Referring to FIG. 1, there is shown a radiation pattern for the typical near omni-directional antenna. For the purposes of FIG. 1 it would be assumed the antenna is aligned with the Z-axis. The radiation from the antenna propagates primarily in the X-Y axis, normal to the Z-axis. The Z-axis coverage of this antenna is very small, and for practical purposes non-existent. By utilizing a rotatable antenna system that is similar to those used for 2.4 GHz systems, the near omni antenna can be deployed in such a manner that it would always be in the vertical position regardless of the orientation of the access point.
FIG. 2 shows the basic geometry a circular TM10 mode patch antenna, generally designated 20. The radiator 21 of the typical TM10 antenna 20 for use in a UNII access point would be approximately 17 mm×17 mm and have parasitic element deployed at a height of roughly 4 mm above the circuit board depending on bandwidth requirements. FIG. 3 shows the radiation pattern 30 from a TM10 mode patch as described in FIG. 2. The typical pattern of the TM10 mode patch antenna is hemispherical with E-plane 3-dB beamwidth of around 65 degrees and an H-plane 3-dB beamwidth of around 60 degrees in free space.
The antenna type to be used is selected by a detect switch on the antenna system printed circuit board switch or by a configuration utility at installation time. FIG. 4 is a block diagram 40 of the preferred embodiment of the configurable antenna system showing the near omni-directional antennas and patch antennas in pairs, as is common in diversity systems. Both antenna ports, left antenna 42 and right antenna 44, have a vertical near omni-directional antenna 46, and a rectangular TM10 mode patch antenna 20 accessible to them. The detect switch 48 controls the antenna type selection. Typically a single-pole single-throw switch may be used for the detect switch 48, however as those skilled in the art can readily appreciate a number of switches are available to perform the equivalent function. As is shown in FIG. 6, if the antenna system is rotated to the vertical (perpendicular to the access point housing or parallel to but pointed away from the housing, the switch 48 opens and the near-omni directional antennas 46 are deployed automatically. If the antenna system is rotated to the horizontal (parallel to and on top of the access point housing), the detect switch 48 is closed and the patch antennas 20 are deployed automatically. This operation is done when the access point is configured and installed, but can be changed if the access point is moved or otherwise re-installed.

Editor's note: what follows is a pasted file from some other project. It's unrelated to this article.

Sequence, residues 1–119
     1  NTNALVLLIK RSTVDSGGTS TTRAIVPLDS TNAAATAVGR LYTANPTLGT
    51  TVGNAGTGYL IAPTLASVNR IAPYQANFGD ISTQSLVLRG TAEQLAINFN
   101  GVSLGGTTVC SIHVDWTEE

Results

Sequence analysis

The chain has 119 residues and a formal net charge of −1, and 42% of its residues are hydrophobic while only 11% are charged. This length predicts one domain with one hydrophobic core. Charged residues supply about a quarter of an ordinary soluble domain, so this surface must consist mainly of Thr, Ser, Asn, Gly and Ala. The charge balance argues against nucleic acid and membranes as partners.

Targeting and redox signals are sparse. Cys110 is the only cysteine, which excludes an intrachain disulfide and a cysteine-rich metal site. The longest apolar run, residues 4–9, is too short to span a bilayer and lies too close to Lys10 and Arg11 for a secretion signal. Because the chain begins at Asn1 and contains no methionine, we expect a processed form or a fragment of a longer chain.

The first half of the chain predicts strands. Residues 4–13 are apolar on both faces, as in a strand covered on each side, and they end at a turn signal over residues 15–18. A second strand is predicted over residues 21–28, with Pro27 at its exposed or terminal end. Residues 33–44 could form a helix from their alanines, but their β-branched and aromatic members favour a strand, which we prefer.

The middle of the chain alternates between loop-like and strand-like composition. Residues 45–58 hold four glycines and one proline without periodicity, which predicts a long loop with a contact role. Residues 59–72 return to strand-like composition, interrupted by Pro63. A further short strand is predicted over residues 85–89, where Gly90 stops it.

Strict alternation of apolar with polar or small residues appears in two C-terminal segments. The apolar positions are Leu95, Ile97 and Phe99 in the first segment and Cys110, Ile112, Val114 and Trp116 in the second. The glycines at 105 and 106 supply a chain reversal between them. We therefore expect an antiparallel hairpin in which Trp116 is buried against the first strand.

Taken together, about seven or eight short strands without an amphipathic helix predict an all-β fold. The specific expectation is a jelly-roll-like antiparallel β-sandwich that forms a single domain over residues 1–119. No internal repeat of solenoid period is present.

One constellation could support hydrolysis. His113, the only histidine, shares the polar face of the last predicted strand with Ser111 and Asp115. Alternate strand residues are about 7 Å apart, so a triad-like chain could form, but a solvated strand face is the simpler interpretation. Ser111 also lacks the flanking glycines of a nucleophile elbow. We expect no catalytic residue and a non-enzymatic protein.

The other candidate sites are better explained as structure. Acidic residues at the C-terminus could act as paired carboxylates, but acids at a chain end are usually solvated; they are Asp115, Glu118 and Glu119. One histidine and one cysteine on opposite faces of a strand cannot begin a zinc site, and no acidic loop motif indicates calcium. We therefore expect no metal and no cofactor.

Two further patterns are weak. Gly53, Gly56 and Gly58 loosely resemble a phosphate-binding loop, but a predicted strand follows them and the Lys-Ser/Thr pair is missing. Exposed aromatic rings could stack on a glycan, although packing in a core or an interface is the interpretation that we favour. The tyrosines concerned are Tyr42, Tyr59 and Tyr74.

In an alternate embodiment, shown in FIG. 5 which shows a block diagram of the embodiment and generally designated 50, a medium access controller antenna type select signal (MAC ATS signal) 52 is used to select the antenna type. The installer determines the type of antenna coverage required, rotates the antenna system to the desired position (vertical or horizontal) and then sets the antenna type using setup utility of the access point. The MAC controller then sets switches 54 based on the antenna type selected at installation. Normally, switches 54 would be semiconductor switches. The same antenna types are used as in the preferred embodiment, but the method of selection is different.
In either embodiment either the access point or a user in the field could change the antenna type without being able to change antennas external to the AP itself.
Once the selection of antenna type has been made at the time of installation, the MAC 52 will dynamically select either the left or the right antenna, based on system performance. OFDM systems are inherently robust against multipath conditions and packet-by-packet (or other) diversity algorithms are controlled by the MAC processor entirely on the radio board.
There are no diversity selection provisions required on this Configurable Antenna System board. Regardless of diversity algorithm, the MAC (on the radio) will find the best quality signal to use on either the right or left antenna.
While the invention has been described in terms of a preferred embodiment and an alternate embodiment, those skilled in the art can readily appreciate that the present invention is very flexible. For example, the patch antennas may be mounted on a single RF circuit board or on a plurality of RF circuit boards. The near omni-directional antennas 46 could be external, captured antennas that are rotatably mounted so that they can always be positioned in an appropriate manner. Besides access points, the present invention may also be utilized in other fixed environments such as repeaters, or for mobile units being utilized as repeaters.
Although the invention has been shown and described with respect to a certain preferred embodiment, it is obvious that equivalent alterations and modifications will occur to others skilled in the art upon the reading and understanding of this specification. The present invention includes all such equivalent alterations and modifications and is limited only by the scope of the following claims.
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|U.S. Classification||343/700.0MS, 343/725, 343/876|
|International Classification||H01Q1/12, H01Q25/00, H01Q21/28, H01Q3/24, H01Q1/08, H01Q3/02|
|Cooperative Classification||H01Q21/28, H01Q25/002, H01Q1/084, H01Q1/12, H01Q3/02, H01Q3/24|
|European Classification||H01Q1/12, H01Q3/02, H01Q1/08C, H01Q3/24, H01Q25/00D4, H01Q21/28|
|Mar 4, 2002||AS||Assignment|
Owner name: CISCO TECHNOLOGY, INC., CALIFORNIA
Free format text: ASSIGNMENT OF ASSIGNORS INTEREST;ASSIGNORS:SALIGA, STEPHEN V.;ANDERSON, FRED J.;MASS, JAMES A.;AND OTHERS;REEL/FRAME:012671/0882;SIGNING DATES FROM 20020221 TO 20020222
|Jan 17, 2008||FPAY||Fee payment|
Year of fee payment: 4
|Feb 24, 2012||FPAY||Fee payment|
Year of fee payment: 8
|Feb 24, 2016||FPAY||Fee payment|
Year of fee payment: 12